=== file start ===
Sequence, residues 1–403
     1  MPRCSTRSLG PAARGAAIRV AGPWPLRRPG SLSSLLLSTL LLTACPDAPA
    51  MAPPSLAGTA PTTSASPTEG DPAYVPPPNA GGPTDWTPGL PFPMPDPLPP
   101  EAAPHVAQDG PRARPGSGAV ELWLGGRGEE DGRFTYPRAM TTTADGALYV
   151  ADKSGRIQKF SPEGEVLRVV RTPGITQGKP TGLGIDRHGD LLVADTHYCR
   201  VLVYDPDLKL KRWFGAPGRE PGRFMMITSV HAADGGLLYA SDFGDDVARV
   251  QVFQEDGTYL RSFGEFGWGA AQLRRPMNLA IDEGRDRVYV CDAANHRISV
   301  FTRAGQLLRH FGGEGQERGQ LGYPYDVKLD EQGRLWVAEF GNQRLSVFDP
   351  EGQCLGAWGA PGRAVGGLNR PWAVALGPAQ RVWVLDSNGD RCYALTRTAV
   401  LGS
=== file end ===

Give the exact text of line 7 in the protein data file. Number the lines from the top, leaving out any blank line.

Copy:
   251  QVFQEDGTYL RSFGEFGWGA AQLRRPMNLA IDEGRDRVYV CDAANHRISV